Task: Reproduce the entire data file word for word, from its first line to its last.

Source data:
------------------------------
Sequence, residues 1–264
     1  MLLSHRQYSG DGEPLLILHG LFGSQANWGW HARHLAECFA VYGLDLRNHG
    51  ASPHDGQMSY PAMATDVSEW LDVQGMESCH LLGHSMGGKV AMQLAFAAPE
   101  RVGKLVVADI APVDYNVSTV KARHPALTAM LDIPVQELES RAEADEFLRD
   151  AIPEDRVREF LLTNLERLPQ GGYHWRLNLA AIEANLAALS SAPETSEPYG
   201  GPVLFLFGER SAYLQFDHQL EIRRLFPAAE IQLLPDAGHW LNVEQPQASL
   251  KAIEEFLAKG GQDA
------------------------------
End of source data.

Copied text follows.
Sequence, residues 1–264
     1  MLLSHRQYSG DGEPLLILHG LFGSQANWGW HARHLAECFA VYGLDLRNHG
    51  ASPHDGQMSY PAMATDVSEW LDVQGMESCH LLGHSMGGKV AMQLAFAAPE
   101  RVGKLVVADI APVDYNVSTV KARHPALTAM LDIPVQELES RAEADEFLRD
   151  AIPEDRVREF LLTNLERLPQ GGYHWRLNLA AIEANLAALS SAPETSEPYG
   201  GPVLFLFGER SAYLQFDHQL EIRRLFPAAE IQLLPDAGHW LNVEQPQASL
   251  KAIEEFLAKG GQDA